Forbes Magazine reports fewer billionaires on its annual list of the richest people in the world, and smaller fortunes among most of the survivors.
Before you cry sarcastic tears or give way to genuine worry that this pool of potential benefactors has lost its ability to trickle down upon us, consider two things.
1. If they truly lost solid wealth based on genuine assets, that means someone else gained it. Find and follow the money trail to find out who has benefited.
2. If this is just shrinkage of perceived value, they never really had it to begin with.
Perceived value drives much of so-called wealth creation. In truth, there is no wealth creation. It's wealth fabrication. Perceived value drives the stock market up and down far more than real disruptions in the flow of actual resources do.
In times of trouble, many traded assets may change hands below their actual value. But some simply stand revealed as having little or no value. A smart money manipulator, seeing that people are paying ridiculous sums for fairy dust, might trade in fairy dust a little. An honest one won't extol the virtues of fairy dust, but simply ride the wave of other people's interest for a while. It is always easier to exploit people's folly than prevent it.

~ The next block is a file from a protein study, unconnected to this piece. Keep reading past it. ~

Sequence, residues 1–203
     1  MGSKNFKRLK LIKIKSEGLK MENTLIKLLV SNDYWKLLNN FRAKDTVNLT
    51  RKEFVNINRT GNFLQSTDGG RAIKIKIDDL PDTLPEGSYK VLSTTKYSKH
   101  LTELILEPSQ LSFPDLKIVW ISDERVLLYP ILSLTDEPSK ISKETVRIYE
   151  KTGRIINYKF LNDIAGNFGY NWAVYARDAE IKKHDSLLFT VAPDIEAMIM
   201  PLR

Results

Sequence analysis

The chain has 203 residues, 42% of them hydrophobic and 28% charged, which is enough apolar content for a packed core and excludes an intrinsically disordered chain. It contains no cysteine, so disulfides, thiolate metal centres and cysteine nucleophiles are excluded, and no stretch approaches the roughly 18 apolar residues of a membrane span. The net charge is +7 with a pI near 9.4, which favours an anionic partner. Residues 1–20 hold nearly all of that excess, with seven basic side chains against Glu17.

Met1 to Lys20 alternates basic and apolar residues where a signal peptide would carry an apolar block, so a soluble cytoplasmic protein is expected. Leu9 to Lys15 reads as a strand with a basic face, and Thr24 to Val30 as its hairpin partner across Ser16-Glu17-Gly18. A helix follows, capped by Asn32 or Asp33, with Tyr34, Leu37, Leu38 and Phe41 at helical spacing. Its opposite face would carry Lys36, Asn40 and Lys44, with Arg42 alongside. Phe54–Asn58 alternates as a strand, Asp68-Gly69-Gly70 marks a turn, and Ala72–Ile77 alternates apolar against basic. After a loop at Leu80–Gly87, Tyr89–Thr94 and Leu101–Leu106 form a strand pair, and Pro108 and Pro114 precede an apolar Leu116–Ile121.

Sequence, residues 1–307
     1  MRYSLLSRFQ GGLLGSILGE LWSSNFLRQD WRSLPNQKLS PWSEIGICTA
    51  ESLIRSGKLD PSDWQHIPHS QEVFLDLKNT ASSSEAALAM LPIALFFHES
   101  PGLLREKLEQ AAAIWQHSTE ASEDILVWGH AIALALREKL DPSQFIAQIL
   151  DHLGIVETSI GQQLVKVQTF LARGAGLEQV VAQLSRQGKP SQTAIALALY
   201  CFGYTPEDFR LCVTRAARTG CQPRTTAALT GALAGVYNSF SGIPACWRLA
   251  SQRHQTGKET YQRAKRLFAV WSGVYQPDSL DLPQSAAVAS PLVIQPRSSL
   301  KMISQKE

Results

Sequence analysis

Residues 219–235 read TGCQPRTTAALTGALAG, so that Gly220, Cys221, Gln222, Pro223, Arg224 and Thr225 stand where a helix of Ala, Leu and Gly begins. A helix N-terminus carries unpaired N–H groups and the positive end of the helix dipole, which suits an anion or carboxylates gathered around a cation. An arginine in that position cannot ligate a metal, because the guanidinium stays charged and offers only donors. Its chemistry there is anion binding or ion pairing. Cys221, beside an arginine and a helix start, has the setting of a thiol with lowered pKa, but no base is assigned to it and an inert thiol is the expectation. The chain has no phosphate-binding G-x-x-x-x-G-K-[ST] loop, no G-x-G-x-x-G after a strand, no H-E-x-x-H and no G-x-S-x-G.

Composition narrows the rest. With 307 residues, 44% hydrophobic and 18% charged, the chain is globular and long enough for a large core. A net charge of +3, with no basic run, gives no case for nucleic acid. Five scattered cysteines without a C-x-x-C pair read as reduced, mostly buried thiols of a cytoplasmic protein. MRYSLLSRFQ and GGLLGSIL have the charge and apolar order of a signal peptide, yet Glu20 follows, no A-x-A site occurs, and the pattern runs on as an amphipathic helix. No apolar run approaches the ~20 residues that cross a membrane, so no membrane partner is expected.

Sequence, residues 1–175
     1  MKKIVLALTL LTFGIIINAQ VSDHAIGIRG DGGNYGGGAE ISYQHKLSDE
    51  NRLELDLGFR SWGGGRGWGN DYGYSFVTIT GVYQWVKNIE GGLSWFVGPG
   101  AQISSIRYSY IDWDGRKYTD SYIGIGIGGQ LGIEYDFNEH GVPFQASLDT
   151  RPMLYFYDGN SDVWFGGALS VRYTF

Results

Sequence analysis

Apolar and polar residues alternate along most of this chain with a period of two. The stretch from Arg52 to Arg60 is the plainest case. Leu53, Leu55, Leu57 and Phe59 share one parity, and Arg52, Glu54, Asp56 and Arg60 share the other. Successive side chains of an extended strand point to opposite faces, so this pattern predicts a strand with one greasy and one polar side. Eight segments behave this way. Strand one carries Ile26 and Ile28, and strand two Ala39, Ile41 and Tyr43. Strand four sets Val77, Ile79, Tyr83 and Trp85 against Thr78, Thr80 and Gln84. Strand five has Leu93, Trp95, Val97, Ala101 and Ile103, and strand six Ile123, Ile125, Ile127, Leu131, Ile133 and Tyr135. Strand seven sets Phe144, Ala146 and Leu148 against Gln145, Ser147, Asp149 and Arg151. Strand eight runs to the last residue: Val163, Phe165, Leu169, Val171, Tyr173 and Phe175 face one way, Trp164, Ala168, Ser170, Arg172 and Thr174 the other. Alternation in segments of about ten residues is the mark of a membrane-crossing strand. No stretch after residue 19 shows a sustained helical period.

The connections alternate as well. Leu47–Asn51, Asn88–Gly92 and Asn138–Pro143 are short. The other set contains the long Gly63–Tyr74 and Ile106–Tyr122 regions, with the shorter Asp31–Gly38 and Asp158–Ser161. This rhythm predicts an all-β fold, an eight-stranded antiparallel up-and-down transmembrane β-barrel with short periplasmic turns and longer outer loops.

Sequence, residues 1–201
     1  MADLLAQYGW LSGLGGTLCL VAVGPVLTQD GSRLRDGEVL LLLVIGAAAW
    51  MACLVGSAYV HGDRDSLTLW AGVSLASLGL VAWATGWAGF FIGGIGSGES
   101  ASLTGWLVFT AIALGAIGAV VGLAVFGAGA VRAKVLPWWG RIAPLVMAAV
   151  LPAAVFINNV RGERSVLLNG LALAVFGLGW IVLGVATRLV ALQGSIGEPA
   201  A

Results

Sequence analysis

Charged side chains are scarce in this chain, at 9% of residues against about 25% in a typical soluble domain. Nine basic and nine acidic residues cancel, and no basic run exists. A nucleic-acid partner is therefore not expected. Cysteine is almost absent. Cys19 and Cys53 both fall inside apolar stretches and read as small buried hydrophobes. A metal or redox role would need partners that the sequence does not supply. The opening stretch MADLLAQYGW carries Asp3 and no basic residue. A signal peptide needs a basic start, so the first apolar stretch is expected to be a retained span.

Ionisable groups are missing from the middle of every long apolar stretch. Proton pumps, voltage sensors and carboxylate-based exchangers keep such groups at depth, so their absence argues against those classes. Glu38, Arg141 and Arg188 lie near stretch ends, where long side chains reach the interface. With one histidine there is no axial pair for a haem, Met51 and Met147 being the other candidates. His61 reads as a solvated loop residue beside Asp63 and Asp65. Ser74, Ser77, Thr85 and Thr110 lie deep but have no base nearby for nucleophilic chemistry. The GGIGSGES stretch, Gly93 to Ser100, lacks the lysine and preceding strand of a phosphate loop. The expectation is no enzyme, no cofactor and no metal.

The shrinkage of perceived value is the scariest part of any economic downturn. That's the money that simply disappears. In the case of solid assets temporarily undervalued, it will return. If it was fairy dust, it has simply turned to actual dust and blown away.
The poor billionaires will weather this, if they have lived within their means. It's the same as with any of us, only with more houses, more cars, bigger boats and perhaps an oil company or two.